Indoor Water Garden: Plants and Ideas to Get You Started

DIY indoor water garden
credit: Trisha Sprouse

If you ever find your home in need of more calming vibes, just add plants. There's something about bringing the outdoors in that instantly soothes the soul. So imagine how zen you'd feel if you were to create your own indoor water garden? A cluster of aquatic plants displayed inside clear vessels gives the look and feel of a serene water feature, but it can be as small-scale as a simple jar. The process of setting up a water garden couldn't be easier, and it requires very little maintenance — that's pretty great news for newbie gardeners.

Things You'll Need

DIY indoor water garden
credit: Trisha Sprouse

Step 1

Select a variety of aquatic plants with different heights, tones, and textures. Be sure to choose freshwater varieties. We found a pretty large selection at our local pet store in the aquarium/fish section. Garden centers or plant nurseries are likely to have some as well.

Some common freshwater varieties are:

  • Java fern
  • Water wisteria
  • Anubias
  • Amazon sword
  • White ribbon
  • Hornwort
  • Peacock fern
  • Dwarf lilies
Variety of aquatic plants
credit: Trisha Sprouse

Step 2

Your plants will likely come packed in a tube with their roots covered in a gel substance. Gently wiggle the roots to loosen them from the gel, and slide the plant out of the tube.

Removing plant from package
credit: Trisha Sprouse

Rinse the gel off of the roots and leaves.

Rinsing gel off plant
credit: Trisha Sprouse

Step 3

Rinse the gravel to remove any dust or impurities (otherwise, it'll make the water cloudy). Then add about 2-3 inches of gravel to your vessel — you'll need enough to provide a stable base for your plant roots to grow.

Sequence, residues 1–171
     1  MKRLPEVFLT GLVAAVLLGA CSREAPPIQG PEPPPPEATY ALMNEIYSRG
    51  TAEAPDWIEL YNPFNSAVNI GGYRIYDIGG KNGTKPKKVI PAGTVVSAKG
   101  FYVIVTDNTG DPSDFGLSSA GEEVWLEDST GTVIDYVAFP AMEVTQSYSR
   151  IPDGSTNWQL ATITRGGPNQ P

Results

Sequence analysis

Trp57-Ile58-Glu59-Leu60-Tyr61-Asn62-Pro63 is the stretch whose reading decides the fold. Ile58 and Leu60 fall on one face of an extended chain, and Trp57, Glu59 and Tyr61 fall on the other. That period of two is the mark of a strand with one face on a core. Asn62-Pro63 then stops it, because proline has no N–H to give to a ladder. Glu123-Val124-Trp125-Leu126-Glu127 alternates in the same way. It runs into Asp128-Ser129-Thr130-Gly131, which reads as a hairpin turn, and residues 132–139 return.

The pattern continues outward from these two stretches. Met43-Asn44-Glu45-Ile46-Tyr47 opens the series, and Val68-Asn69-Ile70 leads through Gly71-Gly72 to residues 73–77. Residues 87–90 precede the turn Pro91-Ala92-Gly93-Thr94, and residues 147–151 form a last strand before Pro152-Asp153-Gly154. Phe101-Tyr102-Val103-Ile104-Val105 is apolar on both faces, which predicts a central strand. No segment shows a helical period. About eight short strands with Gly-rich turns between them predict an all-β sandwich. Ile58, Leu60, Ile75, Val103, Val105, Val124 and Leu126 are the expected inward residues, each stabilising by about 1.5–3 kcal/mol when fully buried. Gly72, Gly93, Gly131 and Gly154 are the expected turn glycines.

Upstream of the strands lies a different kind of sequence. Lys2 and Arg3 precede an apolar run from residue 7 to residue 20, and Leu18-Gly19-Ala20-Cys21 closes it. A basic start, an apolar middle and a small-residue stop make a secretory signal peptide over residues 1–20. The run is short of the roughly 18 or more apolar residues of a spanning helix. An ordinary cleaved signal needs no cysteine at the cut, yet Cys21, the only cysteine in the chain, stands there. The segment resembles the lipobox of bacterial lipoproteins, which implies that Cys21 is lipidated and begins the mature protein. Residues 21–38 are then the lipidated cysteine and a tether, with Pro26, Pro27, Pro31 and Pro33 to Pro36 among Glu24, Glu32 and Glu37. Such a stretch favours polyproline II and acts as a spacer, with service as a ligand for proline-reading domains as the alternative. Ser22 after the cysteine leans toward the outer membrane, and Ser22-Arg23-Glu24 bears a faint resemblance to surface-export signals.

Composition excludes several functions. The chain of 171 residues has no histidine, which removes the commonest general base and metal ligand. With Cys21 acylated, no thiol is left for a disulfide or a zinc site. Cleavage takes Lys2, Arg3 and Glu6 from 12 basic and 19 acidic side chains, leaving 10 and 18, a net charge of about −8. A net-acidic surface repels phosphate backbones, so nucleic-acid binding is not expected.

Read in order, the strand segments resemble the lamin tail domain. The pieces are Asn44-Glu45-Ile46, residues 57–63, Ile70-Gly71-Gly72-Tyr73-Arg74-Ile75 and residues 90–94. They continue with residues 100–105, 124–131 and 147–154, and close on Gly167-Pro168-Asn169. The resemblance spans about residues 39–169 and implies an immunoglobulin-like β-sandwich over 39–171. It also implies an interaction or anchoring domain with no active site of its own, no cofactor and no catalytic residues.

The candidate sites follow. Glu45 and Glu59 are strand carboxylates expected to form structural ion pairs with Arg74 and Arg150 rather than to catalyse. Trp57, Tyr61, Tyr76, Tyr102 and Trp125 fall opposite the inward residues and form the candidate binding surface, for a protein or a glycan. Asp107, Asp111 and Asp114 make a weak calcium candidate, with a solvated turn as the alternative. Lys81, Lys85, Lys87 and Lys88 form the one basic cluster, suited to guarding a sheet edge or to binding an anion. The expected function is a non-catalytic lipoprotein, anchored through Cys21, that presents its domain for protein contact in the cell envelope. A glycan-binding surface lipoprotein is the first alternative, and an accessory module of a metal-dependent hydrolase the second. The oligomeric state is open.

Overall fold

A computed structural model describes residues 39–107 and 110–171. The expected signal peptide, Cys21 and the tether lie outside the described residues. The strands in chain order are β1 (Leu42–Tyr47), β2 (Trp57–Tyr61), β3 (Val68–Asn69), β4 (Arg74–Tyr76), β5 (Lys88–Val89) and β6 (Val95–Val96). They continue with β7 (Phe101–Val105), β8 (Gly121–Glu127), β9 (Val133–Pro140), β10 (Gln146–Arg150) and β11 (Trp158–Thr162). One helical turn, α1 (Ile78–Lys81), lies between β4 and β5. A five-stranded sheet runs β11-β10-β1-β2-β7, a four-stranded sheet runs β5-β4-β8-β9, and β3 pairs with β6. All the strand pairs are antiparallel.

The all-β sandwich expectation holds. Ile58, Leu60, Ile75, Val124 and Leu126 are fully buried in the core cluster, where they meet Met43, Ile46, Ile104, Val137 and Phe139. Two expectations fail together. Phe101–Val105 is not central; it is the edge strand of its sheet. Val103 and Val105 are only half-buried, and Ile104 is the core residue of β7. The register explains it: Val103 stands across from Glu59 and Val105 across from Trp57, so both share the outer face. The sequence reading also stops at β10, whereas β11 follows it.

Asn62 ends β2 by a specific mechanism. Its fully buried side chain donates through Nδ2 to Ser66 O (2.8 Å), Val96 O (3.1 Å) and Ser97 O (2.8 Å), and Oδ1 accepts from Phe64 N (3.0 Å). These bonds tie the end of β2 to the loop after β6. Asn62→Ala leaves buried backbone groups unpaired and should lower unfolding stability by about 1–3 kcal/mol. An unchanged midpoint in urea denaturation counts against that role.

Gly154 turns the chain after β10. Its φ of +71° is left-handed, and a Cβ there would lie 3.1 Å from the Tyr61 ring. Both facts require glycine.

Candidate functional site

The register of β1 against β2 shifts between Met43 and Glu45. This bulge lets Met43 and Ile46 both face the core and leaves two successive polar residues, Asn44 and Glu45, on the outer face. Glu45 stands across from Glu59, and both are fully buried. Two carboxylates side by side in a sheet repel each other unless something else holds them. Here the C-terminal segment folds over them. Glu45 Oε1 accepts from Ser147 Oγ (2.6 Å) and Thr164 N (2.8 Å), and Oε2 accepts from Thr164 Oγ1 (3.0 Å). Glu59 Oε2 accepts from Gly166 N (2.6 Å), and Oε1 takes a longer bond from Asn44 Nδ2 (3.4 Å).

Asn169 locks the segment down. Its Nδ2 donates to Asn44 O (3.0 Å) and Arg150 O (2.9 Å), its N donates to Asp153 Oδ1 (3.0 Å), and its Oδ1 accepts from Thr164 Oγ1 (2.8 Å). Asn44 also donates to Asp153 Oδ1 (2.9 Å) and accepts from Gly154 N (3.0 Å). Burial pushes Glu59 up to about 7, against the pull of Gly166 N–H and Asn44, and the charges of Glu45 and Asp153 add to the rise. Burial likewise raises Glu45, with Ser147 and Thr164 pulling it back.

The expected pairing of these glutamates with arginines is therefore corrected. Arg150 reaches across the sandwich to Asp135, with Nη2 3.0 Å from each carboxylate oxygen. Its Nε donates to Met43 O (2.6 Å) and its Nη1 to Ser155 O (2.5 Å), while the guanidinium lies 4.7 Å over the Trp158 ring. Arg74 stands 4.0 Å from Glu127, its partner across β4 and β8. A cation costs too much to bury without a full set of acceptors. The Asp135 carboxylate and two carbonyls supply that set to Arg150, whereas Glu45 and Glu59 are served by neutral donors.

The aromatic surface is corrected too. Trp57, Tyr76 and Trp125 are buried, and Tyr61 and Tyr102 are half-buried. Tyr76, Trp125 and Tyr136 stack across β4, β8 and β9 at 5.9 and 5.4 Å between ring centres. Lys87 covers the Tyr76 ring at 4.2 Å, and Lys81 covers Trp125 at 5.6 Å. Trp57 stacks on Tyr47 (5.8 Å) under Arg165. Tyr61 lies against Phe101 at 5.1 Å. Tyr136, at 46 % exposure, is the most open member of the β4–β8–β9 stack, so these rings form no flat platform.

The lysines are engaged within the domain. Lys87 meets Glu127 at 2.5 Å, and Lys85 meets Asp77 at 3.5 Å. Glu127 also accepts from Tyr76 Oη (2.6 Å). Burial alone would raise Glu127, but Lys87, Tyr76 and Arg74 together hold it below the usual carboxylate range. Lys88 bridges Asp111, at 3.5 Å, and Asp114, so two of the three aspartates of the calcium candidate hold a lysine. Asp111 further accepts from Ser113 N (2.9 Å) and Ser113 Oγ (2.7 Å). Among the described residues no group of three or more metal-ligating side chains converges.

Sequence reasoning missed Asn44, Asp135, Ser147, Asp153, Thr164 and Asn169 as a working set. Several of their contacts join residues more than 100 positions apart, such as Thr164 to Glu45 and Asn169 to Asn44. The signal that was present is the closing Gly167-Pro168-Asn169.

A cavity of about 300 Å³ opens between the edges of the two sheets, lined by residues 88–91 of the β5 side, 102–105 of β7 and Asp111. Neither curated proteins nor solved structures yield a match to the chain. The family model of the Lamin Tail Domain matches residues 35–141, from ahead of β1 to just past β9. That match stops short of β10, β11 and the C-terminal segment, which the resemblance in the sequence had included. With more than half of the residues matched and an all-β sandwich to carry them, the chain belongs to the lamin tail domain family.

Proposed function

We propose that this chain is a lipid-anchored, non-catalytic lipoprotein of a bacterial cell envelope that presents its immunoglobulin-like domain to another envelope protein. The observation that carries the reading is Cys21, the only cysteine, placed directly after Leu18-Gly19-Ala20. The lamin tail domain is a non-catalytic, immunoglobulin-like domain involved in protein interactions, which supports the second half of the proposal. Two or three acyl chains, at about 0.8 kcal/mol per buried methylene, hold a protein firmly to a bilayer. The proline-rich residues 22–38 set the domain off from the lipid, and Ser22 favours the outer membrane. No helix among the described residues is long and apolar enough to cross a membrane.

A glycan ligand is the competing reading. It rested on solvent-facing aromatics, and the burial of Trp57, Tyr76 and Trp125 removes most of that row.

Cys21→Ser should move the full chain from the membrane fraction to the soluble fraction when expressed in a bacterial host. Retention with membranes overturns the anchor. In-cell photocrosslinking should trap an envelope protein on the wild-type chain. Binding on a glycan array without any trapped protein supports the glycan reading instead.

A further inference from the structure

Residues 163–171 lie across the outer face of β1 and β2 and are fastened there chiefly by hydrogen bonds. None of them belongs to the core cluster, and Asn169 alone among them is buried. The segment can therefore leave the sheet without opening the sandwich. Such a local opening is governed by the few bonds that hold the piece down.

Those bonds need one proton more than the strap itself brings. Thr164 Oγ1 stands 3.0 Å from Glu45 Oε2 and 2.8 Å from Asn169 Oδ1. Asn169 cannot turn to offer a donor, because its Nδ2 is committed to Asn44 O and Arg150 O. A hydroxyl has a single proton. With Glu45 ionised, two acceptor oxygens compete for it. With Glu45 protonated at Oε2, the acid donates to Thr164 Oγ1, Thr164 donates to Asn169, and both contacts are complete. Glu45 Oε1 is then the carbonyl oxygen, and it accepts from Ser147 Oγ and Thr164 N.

Gravel added to vase
credit: Trisha Sprouse

Step 4

Add your plant to the vessel, and wiggle the roots down until they are covered by the gravel and secure enough that the plant can stand upright.

Aquatic plant added to gravel
credit: Trisha Sprouse

Step 5

Add room temperature water to the vessel. Tap water or spring water is fine. Some plants require the tops to remain above the water level (semi-aquatic) while others can grow completely submerged (aquatic). Be sure to check the plant care instructions that came with your plant.

Pouring water into vase
credit: Trisha Sprouse

Step 6

Place your plants in a spot that gets plenty of indirect light, but not direct sunlight. Once a month, add fertilizer to the gravel bed to provide plants with essential nutrients for growth. To keep water clear and prevent algae growth, change the water and rinse the plants and gravel about once a month.

DIY water plants garden
credit: Trisha Sprouse

Now bliss out to the soothing sights of water and plants every time you pass by your indoor garden.

DIY aquatic plants centerpiece
credit: Trisha Sprouse
DIY indoor water garden
credit: Trisha Sprouse

Trisha Sprouse

Trisha Sprouse

Trisha is a writer, video producer + maker with a knack for creating modern DIY content. When her hands aren't covered in paint, she's most likely holding a camera or power drill or both.